How Research contributes to Evidence based Practice

how to use research evidence to inform practice and what is research evidence on writing and how do writers of research gather evidence how to synthesize research evidence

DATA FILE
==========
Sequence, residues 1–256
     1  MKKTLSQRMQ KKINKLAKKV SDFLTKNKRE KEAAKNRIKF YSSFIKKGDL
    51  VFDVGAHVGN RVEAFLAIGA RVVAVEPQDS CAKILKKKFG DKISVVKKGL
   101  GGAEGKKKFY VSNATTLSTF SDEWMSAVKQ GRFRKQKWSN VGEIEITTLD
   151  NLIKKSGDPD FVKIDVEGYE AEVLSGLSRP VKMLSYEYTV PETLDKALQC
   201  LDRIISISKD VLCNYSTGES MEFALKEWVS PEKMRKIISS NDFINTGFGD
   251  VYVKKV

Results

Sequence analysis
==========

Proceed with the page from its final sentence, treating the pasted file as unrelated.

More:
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EPPI-Centre The Science of Using Science Researching the Use of Research Evidence in Decision-Making Laurenz Langer, Janice Tripney, David Gough EPPI-Centre Social Science Research Unit UCL Institute of Education University College London Final report • April 2016 PPI CENTRE e This project was led by the Alliance for Useful Evidence, with generous funding and support from Wellcome Trust and the What Works Centre for Wellbeing. The project products include: 1. The Final Report by Langer, Tripney, and Gough (the current document); 2. The Technical Report by Langer, Tripney, and Gough (available at http://eppi.ioe.ac.uk/cms/Default.aspx?tabid=3504); 3. A discussion document based on the Final Report and a case study analysis of decision- makers’ use of evidence by Breckon and Dodson (available at http://www.alliance4usefulevidence.org/publication/); 4. A conference to disseminate the findings, held on 12 April 2016 at the Wellcome Trust. The Technical Report is an extended version of the Final Report and provides additional detail on research methods and findings. Information on the extent of such further detail is provided at the start of each chapter. The overall project was supported by a project board with members: David Carr (Wellcome Trust) Nancy Hey (What Works Centre for Wellbeing) Jonathan Breckon and Jane Dodson (Alliance for Useful Evidence) David Gough, Laurenz Langer, and Janice Tripney (EPPI-Centre) The research was undertaken by Laurenz Langer, Janice Tripney, and David Gough of the EPPI-Centre, Social Science Research Unit, UCL Institute of Education, University College London. This report should be referenced as: Langer L, Tripney J, Gough D (2016). The Science of Using Science: Researching the Use of Research Evidence in Decision-Making. London: EPPI-Centre, Social Science Research Unit, UCL Institute of Education, University College London. ISBN: 978-1-907345-88-3 © Copyright 2016 Authors of the reviews on the EPPI-Centre website (http://eppi.ioe.ac.uk/) hold the copyright for the text of their reviews. The EPPI-Centre owns the copyright for all material on the website it has developed, including the contents of the databases, manuals, and keywording and data-extraction systems. The centre and authors give permission for users of the site to display and print the contents of the site for their own non-commercial use, providing that the materials are not modified, copyright and other proprietary notices contained in the materials are retained, and the source of the material is cited clearly following the citation details provided. Otherwise users are not permitted to duplicate, reproduce, re-publish, distribute, or store material from this website without express written permission. i Table of contents Abbreviations........................................................................................... ii Executive summary ................................................................................... 1 Chapter 1. Introduction ............................................................................. 6 1.1 Aim ................................................................................................... 6 1.2 Background ......................................................................................... 6 1.3 Approach taken by this project .................................................................. 7 1.4 Research questions ............................................................................... 11 Chapter 2. Research methods ......................................................................13 2.1 Overview of research structure & process .................................................... 13 2.2 Review 1 methods and process ................................................................. 13 2.3 Review 2 methods and process ................................................................. 14 Chapter 3. Summary of findings ..................................................................16 3.1 Review 1 results (EIDM literature) .............................................................. 16 3.2 Review 2 results (broader social science literature) ........................................ 18 3.3 Summary of results across Review 1 and Review 2 .......................................... 19 M1 interventions (building awareness for, and positive attitudes towards, EIDM) ........... 20 M2 interventions (building agreement on policy-relevant questions and fit-for-purpose evidence) ............................................................................................... 24 M3 interventions (providing communication of, and access to, evidence) .................... 27 M4 interventions (facilitating interactions between decision-makers and researchers) .... 32 M5 interventions (developing skills to access and make sense of evidence).................. 36 M6 interventions (influencing decision-making structures and processes) .................... 41 Chapter 4. Conclusion ...............................................................................47 4.1 Scope of project .................................................................................. 47 4.2 Strengths and limitations ........................................................................ 47 4.3 Suggestions for future EIDM interventions .................................................... 48 4.4 Guidance to facilitate development of a Theory of Change ................................ 49 References .............................................................................................54 Appendix A: Search results Review 1 ............................................................... 56 ii Abbreviations CMO Capability, motivation, and opportunity CoP Communities of practice DPME South African Department of Planning, Monitoring, and Evaluation EIDM Evidence-informed decision-making NICE National Institute for Health and Care Excellence RCT Randomised controlled trial ToC Theory of Change ii Executive summary Introduction Research evidence is just one factor that can influence decision-making at a policy and practice level. While various interventions have been developed to enhance and support the use of research evidence by decision-makers, it is unclear which interventions are effective. This research project set out to review the efficacy of interventions applied to increase decision-makers’ use of research in various decision arenas. The project also examined whether there is additional knowledge in the broader social science literature that is relevant to evidence-informed decision-making (EIDM) and could be applied to help support future interventions in this area. Review methods Two reviews of reviews were conducted: first, a systematic review of reviews of the EIDM literature (Review 1); and, second, a scoping review of the research reported in reviews in the broader social science literature (Review 2). Both reviews applied an explicit review methodology following a structured and transparent process to synthesise the findings reported in both bodies of literature. An overall conceptual research framework was developed to structure the two reviews in a comparable manner and to allow for the integration of the results from both reviews. This framework was used to group interventions according to six mechanisms of change (i.e. the processes by which EIDM might be achieved). Each of the six mechanisms (M1-M6) were also examined in terms of intermediary behavioural outcomes consisting of the capability, motivation, and opportunity (CMO) to act in a way that may increase EIDM. Review 1 results: what works to increase research use by decision-makers? The systematic review of reviews (Review 1) identified 36 existing reviews assessing what interventions work to increase research use. Synthesising the findings of 23 reviews rated moderate to high trustworthiness and relevance, we found: Evidence of effects (evidence use outcome) Interventions facilitating access to research evidence, for example through communication strategies and evidence repositories, conditional on the intervention design simultaneously trying to enhance decision-makers’ opportunity and motivation to use evidence (reliable 1 evidence). Interventions building decision-makers’ skills to access and make sense of evidence (such as critical appraisal training programmes), conditional on the intervention design simultaneously trying to enhance both capability and motivation to use research evidence (reliable evidence). Interventions that foster changes to decision-making structures and processes by formalising and embedding one or more of the other mechanisms of change within existing structures and processes (such as evidence-on-demand services integrating push, user-pull 2 and exchange approaches) (cautious evidence). 1 ‘Reliable’ refers to evidence based on reviews rated high trustworthiness and relevance in the weight of evidence assessment. For details of the weight of evidence assessment, see Section 2.1 below and Chapters 2, 3 and Appendix I in the Technical Report. 2 ‘Cautious’ refers to evidence based on reviews rated moderate trustworthiness and relevance. As above. 1 There is reliable evidence that some individual interventions characterised by a highly intense and complex programme design lead to an increase in evidence use. Overall, however, and based solely on observation, simpler and more defined interventions appear to have a better likelihood of success. Evidence of no effects (evidence use outcome)  Interventions that take a passive approach to communicating evidence that only provide opportunities to use evidence (such as simple dissemination tools) (reliable evidence).  Multi-component interventions that take a passive approach to building EIDM skills (such as seminars and ‘communities of practice’ without active educational components) (cautious evidence).  Skill-building interventions applied at a low intensity (such as a once-off, half a day capacity-building programme) (cautious evidence).  Overall, unstructured interaction and collaboration between decision-makers and researchers tended to have a lower likelihood of success. However, clearly defined, light-touch approaches to facilitating interaction between researchers and decision- makers, engagement in particular, were effective to increase intermediate CMO outcomes (cautious evidence). Absence of evidence  Interventions building awareness of, and positive attitudes towards, EIDM.  Interventions building agreement on policy-relevant questions and what constitutes fit- for-purpose evidence. Review 2 results: insights from social science knowledge to support research use The scoping review of the broader social science literature (Review 2) identified 67 interventions of potential relevance to EIDM. Configuring the insights and, in some cases, the reported effects of these interventions generate a number of contributions that the reviewed social science literature suggests. These contributions illustrate examples of potential applications of social science knowledge to support EIDM interventions and mechanisms. Promote and market behavioural norms  Social science knowledge on the creation of behavioural norms could be used in EIDM to support the formation of social or professional evidence use norms. Effective social science interventions to build such norms included social marketing, social incentives, and identity cues, for example. Engage in advocacy and awareness raising for the concept of EIDM  Social science research suggests that advocacy and awareness-raising campaigns are effective in supporting behavioural change. These strategies could be applied to communicate and popularise the concept of EIDM to increase awareness for the benefits of using evidence during decision-making as well as the risks of not doing so. Effectively frame and formulate communicated messages  Social science literature on effective communication suggested many techniques and strategies that can be used to enhance the communication of research evidence. Framing of messages, tailoring communication including audience segmentation, and regular use of reminders are examples of communication techniques reported as effective in the social sciences that could contribute insights to EIDM interventions as well. 2 Design appealing and user-friendly access platforms and resources  The social science literature features a rapidly growing body of knowledge on information design. Interventions aiming to improve decision-makers’ access to evidence could directly draw from this knowledge to enhance the design of evidence repositories and other resources, as well as to investigate the programming of EIDM apps. Build a professional identity with common practices and standards of conduct  Social science insights on social influence, collaboration, relationship building, and group interaction could be used to improve the design and outcomes of interaction interventions. The literature suggests that interaction among professionals can build a professional identity with common practices and standards of conduct (through, for example, communities of practice, mentoring, and inter-professional education). Making the building of a professional identity relating to evidence use a key objective of future interaction interventions would, in turn, entail a greater emphasis on facilitating interactions between different decision-makers to fully harness the power of social influence and peer-to-peer interaction. Foster adult learning  Social science knowledge on adult learning theories and principles is of direct use and relevance to EIDM capacity-building. Integrating this body of knowledge more closely with EIDM is likely to enhance the long-term performance of interventions supporting decision-makers’ EIDM skills. Build organisational capacities and support organisational change  A large body of knowledge on organisational structures could be transferred to support the design of EIDM interventions. Social science research on organisational learning and cultures, management and leadership techniques, and other changes to organisational processes and structures (for example, facilitation), is of direct benefit to interventions aiming to increase the receptivity of decision-making processes and structure to evidence use. A closer integration of this body of knowledge could enhance the appetite and readiness of organisations to use evidence. Use behavioural techniques, including nudges  A developing body of social science knowledge, one which is currently not integrated within the EIDM literature, investigates the influence of behavioural factors (such as cognitive loads) on individual decision-making processes. It has also developed effective techniques to reduce cognitive biases and enhance decision-makers’ choice architectures. Supporting the use of evidence during decision-making similarly could be subject to these techniques and the design of evidence use nudges could provide a valuable tool in the repertoire of EIDM interventions. Behavioural sciences stress the importance of salience in the design of interventions, which could directly be applied to support the practice of EIDM. Exploit the potential of online and mobile technologies  The application of online and mobile technologies is suggested in the social science literature to increase the reach, convenience, and appeal of interventions. A range of EIDM interventions (e.g. communication, capacity-building, decision aids) could benefit from the integration and regular use of online and mobile technologies. 3 Institutional frameworks and mechanisms  Institutional frameworks and mechanisms can advocate and nurture structural changes at all levels of decision-making. In the context of EIDM, effective examples include accreditation processes, clearinghouses such as the National Institute for Health and Care Excellence (NICE), and government ministries. Overall, however, not enough rigorous evaluation in this area is taking place. Implications from Review 1 and Review 2: The findings from Review 1 and Review 2 suggest a number of implications for EIDM practice and research. We discuss these for each review in turn below, before concluding with some final suggestions based on combined insights from both reviews. Interventions that support the communication of and access to research evidence were only effective to increase evidence use if the intervention design simultaneously tried to enhance decision-makers’ opportunity and motivation to use evidence. It is therefore advisable that future research and practice focus on how to design and tailor interventions that better feature these CMO configurations. In this, social science offers a great deal of knowledge that can be drawn upon. Similarly, interventions building decision-makers’ skills were only effective to increase evidence use if the intervention design simultaneously tried to enhance both capability and motivation to use research evidence. Again, attention should be paid to CMO configurations when designing or tailoring such interventions. Changes to decision-making structures and processes may be an effective mechanism to increase evidence use, but this currently lacks an extensive evidence-base. The results of this review suggest increasing the use of this mechanism in practice, as well as urging future research studies to explore the mechanism’s impact and theory of change more carefully. The majority of the reviewed interventions that focus on unstructured interactions between decision-makers and researchers appear ineffective at improving decision- makers’ evidence use, a finding that may be explained by a lack of conceptual clarity (i.e. what constitutes interaction, relationships, trust) and casual clarity (i.e. purpose of the interaction, theory of change of how interaction supports evidence use). Future research therefore requires an in-depth engagement with the theory of change underlying interaction interventions, and current practice is advised to focus on light-touch and well- defined intervention designs, such as decision-maker engagement, which command a more positive evidence-base. Given the current evidence gap, increased research and practice efforts are required to gain an understanding of interventions promoting the concept of EIDM, as well as those working towards mutual understanding of policy-relevant questions and agreement on what constitutes fit-for-purpose evidence needed to answer them. Unfortunately, the evidence on the relative effectiveness of single and multi-mechanism interventions is limited to observational patterns at this stage. Based on this, however, there is some suggestion that simpler and more defined interventions have an increased likelihood of success. Therefore, it seems sensible to both increase and substantiate research knowledge on simpler interventions, and develop the necessary theory before conducting large studies of multi-mechanism interventions whose casual chain is difficult to disentangle at this early stage of research knowledge. The scoping review identified many areas of social science knowledge that are currently not well-integrated and drawn from in EIDM. This leaves two main implications from Review 2 for future research and practice: first, a closer investigation of the integration of 4 the social science interventions and knowledge suggested as of relevance to EIDM in this scoping review; and second, the creation of a closer link between EIDM and the social science literature. Future research should explore mechanisms to better connect both bodies of knowledge. Thereby, EIDM would be better positioned to benefit from the most up-to-date knowledge base and run less risk of being out of sync with other areas of the social sciences. Finally, in this project we have used levels of intervention, mechanisms of change, and capability, motivation and opportunity to change behaviour as a framework to help understand (a) what interventions are trying to achieve, and (b) the processes they use to try to achieve this (in other words, the ‘theory of change’ of how the intervention is meant to have its effect). We hope that this framework can help others to plan a theory of change when they develop or evaluate interventions to enable EIDM, and we offer guidance on how to develop such a theory of change. 5 Chapter 1. Introduction This chapter is identical in content with Chapter 1 in the Technical Report. 1.1 Aim The results of research studies can be one important component in decision-making by policymakers, professionals, and members of the public. However, such research evidence is not always considered in decision-making, even when relevant research is available. The aim of this research project is to review the evidence-base relevant to increasing the use of research evidence by decision-makers; in other words, to review one aspect of the science of using scientific knowledge. 1.2 Background Over the last twenty years there has been an increasing concern, both in the UK and internationally, to make better use of the evidence produced by research in policy and practice decision-making. This has led to the rapid growth of systematic reviews to bring together, in a rigorous and transparent way, the available research evidence. There have also been a number of initiatives developed to improve the communication, interpretation, and uptake of research with the aim of helping decision-makers of different types make better use of research. In addition, a new area of research activity has developed to study how research interacts with policy and practice, with the intention of enabling such interactions to become more frequent and useful (Nutley et al. 2007). While much of this research has focused on processes of research use and/or the barriers and facilitators to the use of research (for example, Oliver et al. 2014), there is also now a considerable body of research evaluating the effectiveness of strategies promoting evidence-informed decision-making (EIDM). To address the aim of this project, we conducted two separate reviews of the literature. First, we first systematically reviewed existing reviews of the specialist EIDM literature which has evaluated evidence use interventions. Second, as there are also many other aspects of social science research that may be relevant to the study of research use, we undertook a scoping review of the broader social science literature to identify evidence of the effectiveness of additional interventions and any further insights that could be 3 relevant in an EIDM context . Our research therefore brings together the findings reported in two related bodies of literature: Review 1 (review of EIDM literature) and Review 2 (review of the broader social science literature). Definitions For the purpose of this project, EIDM is defined as a process whereby multiple sources of information, including the best available research evidence, are consulted before making a decision to plan, implement, and (where relevant) alter policies, programmes and other services. Our concern is limited to the use of a particular type of evidence in decision-making: that is, research-based evidence. Research may be defined as a systematic investigative process employed to increase or revise current knowledge. For the purposes of this review, we employed a broad conceptualisation of research that included not only 3 In this context, ‘broader’ indicates the research use literature too, as it is also part of the social science literature. 6 scientifically-based research, but also administrative data and statistics collected in the course of service and benefit provision (such as school-level datasets). Research use is understood as a multidimensional construct (Weiss 1979). Two kinds of research use are relevant to this study: instrumental and conceptual. • Instrumental research use is a direct use of research knowledge. It refers to the concrete application of research, such as in the taking of specific policy decisions or implementation of practice interventions. • Conceptual research use highlights its enlightenment function. This is when research influences how policymakers and practitioners think about issues, problems, or potential solutions. Research findings may change their opinion but not necessarily a particular action. The phrase ‘research use’ therefore implies that the research user has engaged with the research and acted upon it in some way. Acting upon it may not necessarily mean that the research has been used to inform policy or practice developments. It could simply mean that the findings have been considered during policy discussions. Throughout the report we use the terms EIDM, evidence use, and research use interchangeably to denote the use of research evidence by decision-makers. 1.3 Approach taken by this project The research project was concerned with interventions able to enhance and support the use of evidence in decision-making. In the absence of an agreed over-arching theory of how EIDM occurs, we developed a conceptual framework to structure both reviews in a comparable manner and to allow for the integration of the results from both reviews. This framework consisted of two different types of intervention, which were grouped according to six identified mechanisms of change (i.e. the processes by which EIDM might be achieved). In addition to the primary outcome behaviour of EIDM, each of the six mechanisms were also examined in terms of intermediary behavioural components consisting of capability, motivation, and opportunity (CMO) to act in a way that may increase EIDM. We are aware that these interventions could occur at different levels, such as targeting behaviour change by individuals or in organisations. Together these four elements of intervention types, the mechanisms, behavioural CMOs, and levels of intervention, provided the overall conceptual framework for examining both the EIDM and broader social science literature, as illustrated in Figure 1.1 (and described in greater detail below). 7 Figure 1.1: Overall conceptual framework for the project 1. Interventions to increase Assessment of the research use research on the efficacy of interventions to 2. Mechanisms by which the increase the use of interventions (to increase research evidence by research use) have their impact decision makers: (i) Review 1: From 3. Behaviour change components the EIDM (Capability, Motivation, and Opportunity) literature; (ii) Review 2: From the broader 4. Levels on which interventions social science are applied and on which they literature. have an impact (1) Specific interventions from the EIDM and the broader social science literatures The project focused on two main types of interventions. First were those interventions designed to directly impact on the consideration of research evidence in decision-making (for example, continuing professional development activities to increase policymakers’ awareness of and capacity to use research in developing policy). The second type of intervention were those from the broader social science literature (for example, psychology, management, and behavioural sciences) that could potentially be relevant to increasing EIDM (even if such research has not yet been applied directly to EIDM). So, for example, there may be research on interventions to increase the effectiveness of communication strategies, but not specifically about communicating research evidence or the need to use such evidence. Other examples may include approaches to changing organisational behaviour and the use of marketing in individual behavioural change. As our focus was on interventions to improve consideration of research evidence in the decision-making process, supply-side interventions to improve the research enterprise itself (such as through funding channels) or researchers’ behaviour were not considered. In addition, interventions to support implementation and/or adherence of agreed evidence- based policies, practices or programmes (for example, clinical practice guidelines) were also outside the scope of the project. (2) Mechanisms of evidence use We used the underlying mechanisms driving interventions that have been proposed in the EIDM literature to categorise evidence use interventions. We identified six such intervention mechanisms based on previous studies of mechanisms (for example, Gough et al. 2011; Nutley et al. 2007), research on barriers and facilitators to decision-makers’ use of evidence (for example, Oliver et al. 2014), and existing empirical frameworks for intervention effectiveness (for example Moore et al. 2011). Interventions aiming to 8 increase EIDM were assumed to work through either individual mechanisms or through a combination of mechanisms. Table 1.1 outlines these six evidence use mechanisms. Table 1.1: Identified evidence use mechanisms Evidence use mechanisms Building awareness for, and positive attitudes toward, evidence-informed decision-making (EIDM). AWARENESS (M1) This mechanism emphasises the importance of decision- makers’ valuing the concept of EIDM. Building mutual understanding and agreement on policy- relevant questions and the kind of evidence needed to answer AGREE them. (M2) This mechanism emphasises the importance of building mutual understanding and agreement on policy questions and what constitutes fit-for-purpose evidence. Providing communication of, and access to, evidence. COMMUNICATION This mechanism emphasises the importance of decision- & ACCESS makers receiving effective communication of evidence and convenient access to evidence. (M3) 4 Interaction between decision-makers and researchers. INTERACT This mechanism emphasises the importance of decision- (M4) makers interacting with researchers in order to build trusted relationships, collaborate, and gain exposure to a different type of social influence. Supporting decision-makers to develop skills in accessing and making sense of evidence. SKILLS (M5) This mechanism emphasises the importance of decision- makers having the necessary skills to locate, appraise, synthesise evidence, and integrate it with other information and political needs etc. Influencing decision-making structures and processes. STRUCTURE & This mechanism emphasises the importance of decision- PROCESS makers’ psychological, social, and environmental structures (M6) and processes (for example, mental models, professional norms, habits, organisational and institutional rules) in providing means and barriers to action. To enhance accessibility we have structured the mechanisms using a numerical list and abbreviation (M1–M6). However, this does not reflect a hierarchical order of the mechanisms and we assume each mechanism to be of equal importance in supporting decision-makers’ use of evidence. 4 Use of the term researcher denotes anyone conducting research and is not confined to appointed individuals in official research positions. 9 (3) Components of behaviour change Increasing the use of research evidence by decision-makers depends on behaviour change: in this instance, the use of such evidence to influence policy debates, the resulting policy choices, and the practical implementation of those choices. The components of such behaviour change provide us with intermediary outcomes, in addition to the primary outcome behaviour of EIDM. Based on a review of existing frameworks for understanding behaviour change, Michie and colleagues (2011) developed a method for characterising interventions and linking them to an analysis of the targeted behaviour. In this ‘behaviour system’, three essential conditions—capability, motivation, and opportunity (CMO)—interact to generate behaviour that in turn influences these components. Any given intervention might change one or more components in this ‘behaviour system’ (see Figure 1.2). Our review has retained 5 Michie’s definition of capability, motivation, and opportunity. Figure 1.2: Components of behaviour change (source: Michie et al. 2011) 0 (4) Level of intervention The change in behaviour may be in organisations or by individuals, and organisations can vary in terms of their scope and responsibilities. For the purposes of this review, behaviour has been organised into four levels consisting of:  individual behaviour;  immediate organisational context (such as where people live or work);  broader organisational context (such as local government);  national and international organisations. 5 Capability is defined as the individual’s psychological and physical capacity to engage in the activity concerned. It includes having the necessary knowledge and skills. Motivation is defined as all those brain processes that energise and direct behaviour, not just goals and conscious decision- making. It includes habitual processes, emotional responding, as well as analytical decision-making. Opportunity is defined as all the factors that lie outside the individual that make the behaviour possible or prompt it (Michie et al. 2011). 10 Logic model As noted above, there is no agreed theory of how interventions can effectively influence decision-makers’ use of evidence. We therefore brought together the individual components of our conceptual framework to create a basic logic model that sets out how evidence use interventions are assumed to influence decision-makers’ consideration of research evidence (Figure 1.3). Figure 1.3: Intervention logic model – for each level of intervention M1 Capability M2 M3 Motivation Behaviour change: Evidence use M4 M5 Opportunity M6 The model illustrates how interventions may influence evidence use, either through a single mechanism or through multi-mechanism combinations. Applying these mechanisms allows interventions to influence one or more components of behaviour change, i.e. capability, motivation, and/or opportunity to use evidence. These CMOs then facilitate the final outcome of evidence use. A CMO component can therefore be understood as an intermediate outcome on the causal pathway to the final outcome. CMOs can work either in isolation or in combination. The logic model allowed us to structure the interventions according to the applied intervention mechanisms (outlined in Table 1.1). We could then unpack the impact of these interventions on evidence use through a CMO configuration as an intermediate outcome. Structuring interventions according to mechanisms, and outcomes according to behaviour change components, allowed us to create a structure that equally applied to the EIDM and broader social science literature. 1.4 Research questions To review the evidence-base relevant to increasing the use of research evidence by decision-makers in a systematic and transparent manner, we constructed the following research questions for this project. 11 Interventions applied to increase decision-makers’ use of evidence All levels of intervention Review 1: (RQ1) What is the quantity and type of studies that have been undertaken on the efficacy of interventions used to increase the use of research evidence by decision makers? (RQ2) What evidence is there for the efficacy of interventions used to increase the use of research evidence by decision makers? Review 2: (RQ3) What interventions are suggested in the social science literature that might be relevant to the evidence use mechanisms mapped in Review 1? (RQ4) What evidence is there for the efficacy of these broader social science interventions and how might they be relevant to EIDM? 12 Chapter 2. Research methods This chapter provides a summary of the methods used in this research project. For an in- depth discussion and additional content, please see Chapter 2 in the Technical Report, available at http://eppi.ioe.ac.uk/cms/Default.aspx?tabid=3504. 2.1 Overview of research structure & process This research project reviewed two related bodies of literature that have investigated which interventions are effective to increase decision-makers’ use of evidence. We used the logic and methods of systematic review (Gough et al. 2012) to guide our research and adopted a distinct methodological review approach for each body of literature. 6 (i) Review 1: systematic review of reviews of the EIDM literature. 7 (ii) Review 2: scoping review of reviews of the broader social science literature. Both Review 1 and Review 2 were conducted using a similar conceptual structure and research process as described in Chapter 1 and illustrated in Figure 1.3. Applying the same framework across both reviews allowed us to integrate their findings in a transparent and structured manner. For both reviews the process of bringing together the relevant literature included the following steps:  definition of criteria to include relevant research;  search of academic and grey literature for relevant research;  screening and inclusion of relevant research (research selection);  data extraction and trustworthiness/relevance appraisal of included research;  synthesis of research findings. We used bibliographic management software (EPPI-Reviewer 4) to manage the review process. 2.2 Review 1 methods and process Review 1 is a systematic review of reviews on the efficacy of interventions applied to increase the use of research evidence by decision-makers. It includes a systematic map and synthesis of the findings of existing systematic reviews of relevant EIDM literature. The search for relevant systematic reviews followed a detailed search strategy based on an a priori master search string of keywords related to research use, which was applied in 8 a range of academic databases and grey literature sources. To be included, reviews had to present a systematic review of the literature; non- systematic literature reviews and primary research were excluded. Systematic reviews also had to measure the effectiveness of interventions, which excluded conceptual and theoretical reviews as well as reviews that investigated barriers and facilitators to research use, such as decision-makers’ perception of evidence. The main inclusion criteria 6 A systematic review is defined as a review of research literature that uses systematic, explicit and accountable methods. It involves three key activities: identifying and describing the relevant literature; critically appraising relevant reports; and bringing together the findings in a systematic way, in a process known as synthesis (Gough et al. 2012). 7 A scoping review is an exploratory review that is predominantly rigorous and explicit yet is not fully systematic in its methods. 8 The full search strategy can be found in Appendix B in the Technical Report. 13 here refer to each reviews’ ability to investigate the attribution of the evidence use outcomes to the reviewed interventions. For this reason, reviews were required to include primary evidence that could lay a reasonable claim to evaluate the effects of interventions on evidence use outcomes minimising possible biases in the attribution of the effects to interventions. Eligible designs included, for example, randomised controlled trials (RCTs), quasi-experiments and single-group pre/post-test evaluations. The ability of research designs to minimise biases in attribution further influenced the weight of evidence rating of each review. Relevant outcomes included both the primary outcome of decision-makers’ use of research evidence (for example, increased references to research in policy documents), and intermediate outcomes in the form of changes in decision- makers’ CMOs—that is, changes in their capability, motivation and/or opportunity to use research evidence (for example, increased attitudes toward research evidence). Practitioner outcomes, such as the uptake and implementation of an evidence-based practice, were outside the scope of this review. Outcomes could be measured at any level of analysis presented in Section 1.3. A full list of inclusion criteria is available in the Technical Report. Eligible systematic reviews were subject to a detailed process of data extraction and quality appraisal. Data extraction included coding reviews for intervention, outcome measures, and results. Interventions reported in the included reviews were categorised and coded according to the six underlying mechanisms of change. This coding depended on the description of the interventions in the reviews, and interventions often applied multiple mechanisms. Coding of interventions and mechanisms followed a systematic and transparent method and the individual codes for each intervention are presented in Appendix A in the Technical Report. Notwithstanding, the coding process entails a degree of interpretation. The same disclaimer applies for the coding of the CMOs. To guide a transparent and comparable quality appraisal of the included reviews, we developed a weight-of-evidence assessment tool (Gough 2007), which examined the trustworthiness and relevance of the reviews’ findings. This tool took into consideration issues of the fitness-for-purpose of the review design, for example ability of included primary studies to minimise confounding bias, as well as the relevance of the review’s findings and approach to the project’s research questions. Findings drawn from reviews of high trustworthiness and relevance were classified as reliable evidence; while findings drawn from reviews of moderate trustworthiness and relevance were classified as cautious evidence. Relevant extracted information was captured in summary tables for each review, which were compared and fed into an overall summary of findings table (see Technical Report: Table 4.1 and Appendix A). In this process, review findings were aggregated and structured according to the applied intervention mechanisms. The review findings did not allow for a statistical meta-analysis, therefore we conducted a structured framework synthesis of review findings to investigate the effects of intervention mechanisms on CMOs and decision-makers’ use of evidence. The directions of the effects are included in summary tables for each mechanism (see, for example, Table 3.1 in Chapter 3). For the purposes of this review, the term ‘reliable’ evidence is used to denote evidence from reviews rated as high weight-of-evidence and ‘cautious’ for moderate weight-of-evidence rated reviews. 2.3 Review 2 methods and process The social science research literature is extremely large and diverse, and so it was understandably not possible within the resources of the review to systematically search and review the entire literature. Instead, Review 2 is a broad scoping review of social science research, with a specific focus on interventions that may be relevant to EIDM. 14 Interventions in Review 2 could refer to:  individual programme components (for example, sending reminders as a component of communication interventions);  interventions (for example, social marketing as a communication intervention); and  concepts from which future interventions might be derived (for example, information design as a scientific concept). We conducted a two-stage search of the social science literature. The first stage followed an iterative process, in which the six evidence use mechanisms guided a first scoping of areas of social literature relevant to each mechanism. Guided by the evidence use mechanisms, we engaged in an iterative search of these areas combining keyword searches, snowballing, and hand-searches of academic journals to identify concepts and interventions relevant to EIDM in the social science literature. The second stage (having identified relevant social science interventions) was to search for existing reviews on the impact of these interventions. The search for reviews of the effects of these relevant social science interventions was conducted using keyword searches in academic databases and Google Scholar. This iterative search process is explained in Sections 2.2 and 5.1 of the Technical Report. Any type of research (i.e., both empirical and conceptual studies) was eligible for inclusion in stage 1 of the search, providing they were relevant to supporting the application of evidence use mechanisms. For stage 2, reviews had to provide syntheses of impact evaluations of the interventions of interest. Reviews identified in stage 2 of the search were appraised for their trustworthiness using the same weight-of-evidence tool applied in Review 1. Unlike Review 1 however, we did not exclude low-trustworthiness studies from the synthesis, on the grounds that different research traditions within the social sciences subscribe to different methodological approaches. Review findings rated as of low trustworthiness were considered and labelled as ‘literature review’ findings. We extracted data on the direction of the effects reported in the social science reviews and these are included in a summary table of relevant social science interventions for each mechanism (see, for example, Table 3.1 in Chapter 3). However, unlike for Review 1, detailed information on each review was not collected and therefore is not provided in this report. Due to both the lack of sufficient and appropriate data available for statistical synthesis, and the iterative nature of the review process, we conducted a narrative synthesis based on the summary tables in Chapter 3 to assess the contribution and likely effects of social science interventions on CMOs and behaviour change outcomes if applied in the context of EIDM. This scoping exercise was not exhaustive and some of the identified concepts and interventions may have been suggested to be of relevance to support EIDM in theoretical papers, primary studies, and/or practice reports, all of which were outside the scope of 9 this project. 9 At the end of the discussion of each mechanism below, we provide a list of suggestions based on our project’s findings and point the reader to some examples of primary EIDM literature that raise similar points. 15 Chapter 3. Summary of findings This chapter is a summarised version of the findings reported in Chapters 3, 4, 5 and 6 in the Technical Report, available at http://eppi.ioe.ac.uk/cms/Default.aspx?tabid=3504. The content reported in section 3.3 is identical to Chapter 6 in the Technical Report. This chapter reports a summary of the individual results of Review 1 (Section 3.1) and 10 Review 2 (Section 3.2) and their combined findings (Section 3.3). 3.1 Review 1 results (EIDM literature) Review 1 identified a large body of evidence assessing what works to increase decision- makers’ use of research evidence. The systematic search yielded 6786 unique citations, which were screened on title and abstract against the inclusion criteria and led to the inclusion of 36 reviews (see Appendix A for more detail). The interventions included in these reviews are heterogeneous and few applied a common definition of EIDM outcomes and indicators to capture changes in EIDM. The identified interventions were underpinned by a range of mechanisms. The most common were M3 (communication and access) and M5 (skills to access and make sense of evidence), followed by M4 (interaction between researchers and decision-makers) and M6 (changes to decision-making processes and structures). M3 and M5 were the mechanisms most frequently applied in isolation. The majority of interventions applied multiple mechanisms, in particular, the mechanisms M3, M4, and M5 in combination. Finally, in terms of CMOs, opportunity to use evidence was the most commonly targeted component of behaviour change, followed by capability and then motivation. The majority of the interventions were aimed at the health professions. The 36 included reviews examined primary studies published from the mid-2000s onwards. The relevance and methodological quality of 23 reviews was judged appropriate, and the findings from these reviews were included in the synthesis. The remaining 13 reviews were 11 excluded on the grounds of low relevance and/or low trustworthiness . The narrative synthesis was structured according to the mechanism(s) to which the reviewed interventions applied, and their effect on CMOs and decision-makers’ use of 12 research evidence. As the included reviews pooled the results of different interventions in their synthesis, it has not always been possible to discuss the results of individual interventions. In addition, categories of pooled interventions in the included reviews varied, which further challenged the organisation of our synthesis according to individual interventions. We provide additional detail on individual interventions in the Technical Report in Table 4.1 and Appendix A. The main findings of Review 1 are as follows: Interventions related to M1 (awareness) and M2 (agree): We currently cannot comment on the efficacy of interventions applying M1 (awareness) and M2 (agree) as there is an absence of review evidence. Interventions related to M3 (access to and communication of evidence): In relation to CMOs, there is reliable evidence (i.e. from high weight-of-evidence rated reviews) indicating that interventions applying this mechanism can improve both decision-makers’ 10 For an in-depth discussion of the review findings, please see the Technical Report. 11 For a detailed discussion of the weight of evidence outcomes, please see section 3.3 in the Technical Report. 16